(CNN)Keith Higgins knew he faced long odds when he entered the race.
It's hard to run as an independent candidate in Georgia. It's even harder in a small community, when you're running against someone who's been top prosecutor in the area for about a decade.
A year ago it seemed like Higgins' campaign for district attorney of the Brunswick Judicial Circuit had stalled without even getting off the ground.
Then came a case that drew national attention and protests to this conservative corner of southeast Georgia. And everything changed.
In February, Ahmaud Arbery, a 25-year-old Black man, was jogging in a waterfront neighborhood near Brunswick when a former police officer and his son, both White, chased him down and shot and killed him. Critics accused Jackie Johnson, the district attorney, of mishandling the investigation before she recused herself over a conflict of interest.
Higgins, who was fired by Johnson years ago when he was an assistant prosecutor in her office, says he'd seen her mishandle cases before. It's one of the reasons he decided to run against her.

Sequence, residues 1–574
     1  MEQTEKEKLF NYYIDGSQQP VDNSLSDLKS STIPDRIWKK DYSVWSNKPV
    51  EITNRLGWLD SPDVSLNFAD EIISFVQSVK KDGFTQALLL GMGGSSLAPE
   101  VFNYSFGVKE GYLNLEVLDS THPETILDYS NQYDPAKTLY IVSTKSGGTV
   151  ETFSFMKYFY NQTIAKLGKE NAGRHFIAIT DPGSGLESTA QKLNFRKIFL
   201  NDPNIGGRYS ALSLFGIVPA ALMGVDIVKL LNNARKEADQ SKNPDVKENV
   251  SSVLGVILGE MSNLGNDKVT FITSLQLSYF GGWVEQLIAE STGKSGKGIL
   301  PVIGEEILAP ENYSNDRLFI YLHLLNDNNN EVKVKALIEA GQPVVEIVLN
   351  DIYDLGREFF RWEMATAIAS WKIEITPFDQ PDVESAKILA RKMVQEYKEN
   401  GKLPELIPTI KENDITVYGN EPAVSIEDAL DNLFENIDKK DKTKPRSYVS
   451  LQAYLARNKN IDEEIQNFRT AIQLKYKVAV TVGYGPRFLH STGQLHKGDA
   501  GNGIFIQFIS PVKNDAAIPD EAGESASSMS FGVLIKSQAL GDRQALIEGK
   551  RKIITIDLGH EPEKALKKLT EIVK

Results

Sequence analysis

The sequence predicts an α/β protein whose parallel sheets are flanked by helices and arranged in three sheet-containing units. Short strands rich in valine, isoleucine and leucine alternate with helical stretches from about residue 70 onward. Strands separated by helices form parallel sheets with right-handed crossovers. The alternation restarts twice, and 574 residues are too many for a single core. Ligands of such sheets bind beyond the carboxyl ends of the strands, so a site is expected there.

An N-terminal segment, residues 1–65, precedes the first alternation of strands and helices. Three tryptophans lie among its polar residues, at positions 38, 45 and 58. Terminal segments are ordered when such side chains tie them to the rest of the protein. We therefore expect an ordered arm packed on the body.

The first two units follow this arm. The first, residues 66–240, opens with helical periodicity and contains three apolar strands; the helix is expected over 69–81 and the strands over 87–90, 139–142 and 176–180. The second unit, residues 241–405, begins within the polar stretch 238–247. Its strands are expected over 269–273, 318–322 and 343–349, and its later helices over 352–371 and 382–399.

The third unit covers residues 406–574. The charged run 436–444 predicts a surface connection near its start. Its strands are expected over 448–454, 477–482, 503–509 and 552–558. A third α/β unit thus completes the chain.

"Because of the killing of Ahmaud Arbery, a lot of people started looking for ways to effect positive change in the justice system," he said. "And as they were looking for ways to do that, they ... realized that I was running for district attorney."
Here's how Higgins scrounged together more than 8,000 signatures to get his name on the ballot and upset an incumbent Republican in a conservative part of Georgia.
A series of controversial cases
In a judicial circuit as small as Brunswick, people don't typically run against the incumbent district attorney -- let alone win.
That's according to Page Pate, a criminal defense attorney who practices in the area.
The Brunswick judicial circuit covers five counties in southeast Georgia, most of them rural, with a combined population of about 200,000. Only a handful of lawyers practice in the circuit, so in legal circles everybody knows everybody. Mounting a challenge against the top prosecutor is sure to make that person's job a lot harder.
So to understand how Higgins was able to pull off his unlikely victory you have to consider a series of cases that made Johnson the object of criticism.
"It took not just one scandal, not even two scandals, but several scandals and then something as huge as the Ahmaud Arbery case to actually force a change in that office," Page said.